According to the tax acessor’s office, Banks County currently has 260 poultry farms that have anywhere from two to 10 houses each, which equates to $270 million worth of poultry farming in the county.
“I’m a poultry producer,” Brady said. “We need help learning UGA’s best management practices, confined feeding practices and several other programs as well as the permits we are required to earn, we don’t know where to go to get certified or how to apply.”
The University of Georgia College of Agricultural and Environmental Sciences Extension Service “provides agricultural and family and consumer science agents for each of Georgia’s 159 counties. Extension agents provide a link between the university and the public. Extension agents also oversee the Georgia 4-H program that provides education and leadership training for youth,” according to the college’s profile.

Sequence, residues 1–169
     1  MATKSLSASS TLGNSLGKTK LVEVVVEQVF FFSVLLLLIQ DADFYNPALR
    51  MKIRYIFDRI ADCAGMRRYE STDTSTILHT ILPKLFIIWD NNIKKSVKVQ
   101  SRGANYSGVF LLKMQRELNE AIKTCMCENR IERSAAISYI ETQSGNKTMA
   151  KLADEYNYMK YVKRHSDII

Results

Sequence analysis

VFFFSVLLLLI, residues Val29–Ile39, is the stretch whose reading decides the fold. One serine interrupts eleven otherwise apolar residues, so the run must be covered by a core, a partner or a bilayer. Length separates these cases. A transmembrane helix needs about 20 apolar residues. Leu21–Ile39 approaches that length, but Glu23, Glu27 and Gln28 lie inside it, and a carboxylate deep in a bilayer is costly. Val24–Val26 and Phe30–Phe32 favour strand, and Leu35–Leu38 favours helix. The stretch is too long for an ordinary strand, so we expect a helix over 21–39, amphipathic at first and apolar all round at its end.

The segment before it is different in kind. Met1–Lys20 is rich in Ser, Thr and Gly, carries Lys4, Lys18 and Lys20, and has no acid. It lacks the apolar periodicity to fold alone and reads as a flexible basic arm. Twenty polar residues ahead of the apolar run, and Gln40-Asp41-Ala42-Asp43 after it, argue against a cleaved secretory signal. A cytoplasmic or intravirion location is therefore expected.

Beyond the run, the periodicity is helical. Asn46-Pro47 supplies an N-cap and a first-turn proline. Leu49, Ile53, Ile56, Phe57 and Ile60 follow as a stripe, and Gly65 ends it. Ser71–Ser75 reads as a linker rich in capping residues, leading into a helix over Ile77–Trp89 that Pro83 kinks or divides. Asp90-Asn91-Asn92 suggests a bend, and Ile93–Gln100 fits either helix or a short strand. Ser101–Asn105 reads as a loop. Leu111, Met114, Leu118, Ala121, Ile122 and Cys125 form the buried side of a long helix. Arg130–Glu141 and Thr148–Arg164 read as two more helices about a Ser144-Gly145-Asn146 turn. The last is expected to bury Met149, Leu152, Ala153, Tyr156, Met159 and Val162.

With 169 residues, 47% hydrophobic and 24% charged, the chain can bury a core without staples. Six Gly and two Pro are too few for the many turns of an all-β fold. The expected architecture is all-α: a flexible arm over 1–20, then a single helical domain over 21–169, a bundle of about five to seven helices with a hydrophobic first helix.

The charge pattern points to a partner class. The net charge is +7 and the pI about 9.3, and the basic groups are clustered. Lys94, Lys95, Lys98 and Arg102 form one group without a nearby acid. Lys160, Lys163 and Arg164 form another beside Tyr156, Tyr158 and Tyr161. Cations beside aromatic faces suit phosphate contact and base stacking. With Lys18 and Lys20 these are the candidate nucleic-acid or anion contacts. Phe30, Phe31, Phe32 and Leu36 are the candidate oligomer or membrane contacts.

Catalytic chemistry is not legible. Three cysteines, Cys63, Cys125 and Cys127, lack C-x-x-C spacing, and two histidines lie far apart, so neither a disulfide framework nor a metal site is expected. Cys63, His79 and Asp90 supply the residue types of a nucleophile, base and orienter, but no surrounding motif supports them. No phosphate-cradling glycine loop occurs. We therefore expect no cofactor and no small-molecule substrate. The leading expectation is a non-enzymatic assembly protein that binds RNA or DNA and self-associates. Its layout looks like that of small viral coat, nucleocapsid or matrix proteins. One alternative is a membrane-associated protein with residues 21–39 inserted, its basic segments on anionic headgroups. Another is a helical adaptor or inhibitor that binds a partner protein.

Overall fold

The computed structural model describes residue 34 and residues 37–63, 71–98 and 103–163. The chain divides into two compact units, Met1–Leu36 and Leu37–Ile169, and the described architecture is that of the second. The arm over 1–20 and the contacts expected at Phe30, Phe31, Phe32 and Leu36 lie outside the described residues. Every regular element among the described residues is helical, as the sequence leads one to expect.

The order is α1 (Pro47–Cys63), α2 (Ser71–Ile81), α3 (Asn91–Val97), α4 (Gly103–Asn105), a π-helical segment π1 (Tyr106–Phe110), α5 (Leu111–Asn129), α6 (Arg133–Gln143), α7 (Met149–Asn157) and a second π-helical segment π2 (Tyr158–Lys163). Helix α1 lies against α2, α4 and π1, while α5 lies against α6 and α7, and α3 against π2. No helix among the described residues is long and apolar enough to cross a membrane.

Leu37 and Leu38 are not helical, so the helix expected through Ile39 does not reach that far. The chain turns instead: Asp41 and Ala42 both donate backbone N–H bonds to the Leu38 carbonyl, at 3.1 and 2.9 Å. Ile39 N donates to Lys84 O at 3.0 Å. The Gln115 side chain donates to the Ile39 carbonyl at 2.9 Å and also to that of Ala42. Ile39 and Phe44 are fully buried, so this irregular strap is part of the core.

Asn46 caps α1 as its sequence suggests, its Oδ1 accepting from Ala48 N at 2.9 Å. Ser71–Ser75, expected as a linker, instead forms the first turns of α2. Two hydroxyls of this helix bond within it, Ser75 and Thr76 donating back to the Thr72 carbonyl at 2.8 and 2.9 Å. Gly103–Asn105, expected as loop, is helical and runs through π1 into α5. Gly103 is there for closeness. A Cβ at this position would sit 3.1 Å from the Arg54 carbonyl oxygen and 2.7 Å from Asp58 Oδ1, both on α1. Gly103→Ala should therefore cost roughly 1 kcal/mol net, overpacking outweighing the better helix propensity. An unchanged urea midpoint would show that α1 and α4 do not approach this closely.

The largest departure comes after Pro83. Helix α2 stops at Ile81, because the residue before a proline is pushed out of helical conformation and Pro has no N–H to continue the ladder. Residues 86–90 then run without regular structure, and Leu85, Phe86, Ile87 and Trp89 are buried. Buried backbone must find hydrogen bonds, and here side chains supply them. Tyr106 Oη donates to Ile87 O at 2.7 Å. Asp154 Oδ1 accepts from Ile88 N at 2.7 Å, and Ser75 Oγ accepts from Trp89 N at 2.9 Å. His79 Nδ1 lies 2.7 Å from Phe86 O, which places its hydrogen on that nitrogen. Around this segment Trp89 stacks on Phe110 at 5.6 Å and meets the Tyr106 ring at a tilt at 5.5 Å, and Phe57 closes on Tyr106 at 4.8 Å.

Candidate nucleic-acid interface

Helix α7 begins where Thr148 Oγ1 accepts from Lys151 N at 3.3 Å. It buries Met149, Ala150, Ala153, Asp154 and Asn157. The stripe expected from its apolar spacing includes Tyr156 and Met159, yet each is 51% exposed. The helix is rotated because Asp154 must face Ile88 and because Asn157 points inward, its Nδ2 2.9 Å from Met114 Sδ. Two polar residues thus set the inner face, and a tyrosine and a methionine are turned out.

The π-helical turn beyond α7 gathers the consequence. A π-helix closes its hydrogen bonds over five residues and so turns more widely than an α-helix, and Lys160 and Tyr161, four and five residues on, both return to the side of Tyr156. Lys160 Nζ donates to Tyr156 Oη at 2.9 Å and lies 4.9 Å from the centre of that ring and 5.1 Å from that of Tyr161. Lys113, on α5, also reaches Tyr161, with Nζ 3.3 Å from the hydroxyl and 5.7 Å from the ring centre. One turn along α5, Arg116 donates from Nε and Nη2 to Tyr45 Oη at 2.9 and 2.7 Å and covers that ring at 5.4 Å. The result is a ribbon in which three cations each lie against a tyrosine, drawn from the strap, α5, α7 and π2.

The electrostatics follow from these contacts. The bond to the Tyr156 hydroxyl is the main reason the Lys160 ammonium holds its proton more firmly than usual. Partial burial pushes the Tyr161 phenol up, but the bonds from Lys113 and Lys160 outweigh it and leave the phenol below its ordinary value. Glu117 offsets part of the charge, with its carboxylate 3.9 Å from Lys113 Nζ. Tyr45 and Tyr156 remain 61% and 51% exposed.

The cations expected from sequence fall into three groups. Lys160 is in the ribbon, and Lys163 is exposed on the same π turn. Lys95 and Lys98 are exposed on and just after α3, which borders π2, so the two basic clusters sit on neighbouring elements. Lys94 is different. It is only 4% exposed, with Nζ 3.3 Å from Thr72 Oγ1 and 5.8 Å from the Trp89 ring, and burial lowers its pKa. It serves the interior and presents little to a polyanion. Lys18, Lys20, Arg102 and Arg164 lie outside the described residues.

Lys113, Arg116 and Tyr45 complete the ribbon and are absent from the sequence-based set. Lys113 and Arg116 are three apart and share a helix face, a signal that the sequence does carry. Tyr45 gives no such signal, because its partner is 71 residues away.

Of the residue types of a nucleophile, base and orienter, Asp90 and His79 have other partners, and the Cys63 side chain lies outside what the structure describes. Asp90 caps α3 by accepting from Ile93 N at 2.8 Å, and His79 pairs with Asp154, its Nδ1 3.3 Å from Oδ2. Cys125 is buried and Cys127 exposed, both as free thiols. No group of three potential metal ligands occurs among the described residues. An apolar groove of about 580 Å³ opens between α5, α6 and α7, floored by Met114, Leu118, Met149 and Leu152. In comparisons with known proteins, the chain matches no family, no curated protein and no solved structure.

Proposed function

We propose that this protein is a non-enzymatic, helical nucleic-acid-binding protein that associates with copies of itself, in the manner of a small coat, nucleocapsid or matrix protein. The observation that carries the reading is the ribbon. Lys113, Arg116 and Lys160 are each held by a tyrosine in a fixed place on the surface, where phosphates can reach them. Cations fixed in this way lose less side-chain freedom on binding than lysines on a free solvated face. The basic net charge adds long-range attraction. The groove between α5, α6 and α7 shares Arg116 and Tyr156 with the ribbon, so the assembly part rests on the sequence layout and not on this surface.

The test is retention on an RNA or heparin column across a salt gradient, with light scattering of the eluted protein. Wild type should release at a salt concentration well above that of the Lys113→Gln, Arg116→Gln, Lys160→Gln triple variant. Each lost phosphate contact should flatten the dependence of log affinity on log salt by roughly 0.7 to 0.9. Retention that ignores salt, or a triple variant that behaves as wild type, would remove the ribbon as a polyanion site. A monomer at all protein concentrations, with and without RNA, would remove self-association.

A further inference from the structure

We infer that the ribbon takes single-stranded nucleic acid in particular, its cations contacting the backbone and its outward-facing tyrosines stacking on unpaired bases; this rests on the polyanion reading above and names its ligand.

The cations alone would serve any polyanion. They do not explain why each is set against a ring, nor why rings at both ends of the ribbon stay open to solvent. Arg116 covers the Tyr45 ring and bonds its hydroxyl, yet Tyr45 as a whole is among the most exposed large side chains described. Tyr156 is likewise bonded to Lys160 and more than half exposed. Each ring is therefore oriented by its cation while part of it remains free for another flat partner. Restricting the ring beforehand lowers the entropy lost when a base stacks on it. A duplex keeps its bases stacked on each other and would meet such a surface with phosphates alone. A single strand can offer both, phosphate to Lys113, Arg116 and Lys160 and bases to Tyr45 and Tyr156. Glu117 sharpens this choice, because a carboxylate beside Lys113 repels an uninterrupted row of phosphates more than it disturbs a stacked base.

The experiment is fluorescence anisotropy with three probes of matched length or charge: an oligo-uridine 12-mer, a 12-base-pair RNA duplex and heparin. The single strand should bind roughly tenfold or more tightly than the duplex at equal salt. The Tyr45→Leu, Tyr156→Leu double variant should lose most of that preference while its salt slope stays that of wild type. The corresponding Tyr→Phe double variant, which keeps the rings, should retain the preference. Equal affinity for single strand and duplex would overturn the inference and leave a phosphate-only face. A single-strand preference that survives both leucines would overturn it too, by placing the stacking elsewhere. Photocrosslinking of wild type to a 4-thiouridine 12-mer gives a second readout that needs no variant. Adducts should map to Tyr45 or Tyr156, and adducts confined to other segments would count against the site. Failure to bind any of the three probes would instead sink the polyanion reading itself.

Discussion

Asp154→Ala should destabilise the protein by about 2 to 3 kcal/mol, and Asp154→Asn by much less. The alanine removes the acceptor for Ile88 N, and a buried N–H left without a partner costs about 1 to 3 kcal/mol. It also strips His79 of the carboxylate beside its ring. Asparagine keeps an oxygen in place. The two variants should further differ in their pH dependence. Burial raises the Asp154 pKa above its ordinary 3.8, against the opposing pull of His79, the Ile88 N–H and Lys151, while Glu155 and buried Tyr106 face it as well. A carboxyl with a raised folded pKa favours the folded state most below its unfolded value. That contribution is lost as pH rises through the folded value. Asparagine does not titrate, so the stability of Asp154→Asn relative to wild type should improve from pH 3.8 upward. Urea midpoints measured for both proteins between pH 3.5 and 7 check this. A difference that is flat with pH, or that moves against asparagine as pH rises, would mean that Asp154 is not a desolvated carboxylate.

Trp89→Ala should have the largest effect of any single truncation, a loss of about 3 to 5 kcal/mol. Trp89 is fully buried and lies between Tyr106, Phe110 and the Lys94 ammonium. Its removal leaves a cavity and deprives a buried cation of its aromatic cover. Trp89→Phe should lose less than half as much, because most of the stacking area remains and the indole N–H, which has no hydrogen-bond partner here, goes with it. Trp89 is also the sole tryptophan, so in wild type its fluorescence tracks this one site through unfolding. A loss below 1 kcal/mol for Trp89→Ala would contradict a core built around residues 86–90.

Even if the state agrees to pay for a new Banks County agent, Sparks assured Brady it won’t be free for the county.
“We ask that county’s supplement the base salary of $25,000 to make the position more attractive to applicants,” Sparks said. “The minimum we would ask for would be $6,500, but some counties contribute 50 percent of the salary.”
Other than paying part of the salary, the county would be expected to pay a portion of the new employees benefits.
Banks County currently shares the services of Bob Waldorf, who works as the Stephens County extension agent. They also share their 4-H agent, Gina Gailey, with another county and pay 50 percent of the program assistant’s salary and benefits, expenses that are shared with the Banks County Board of Education.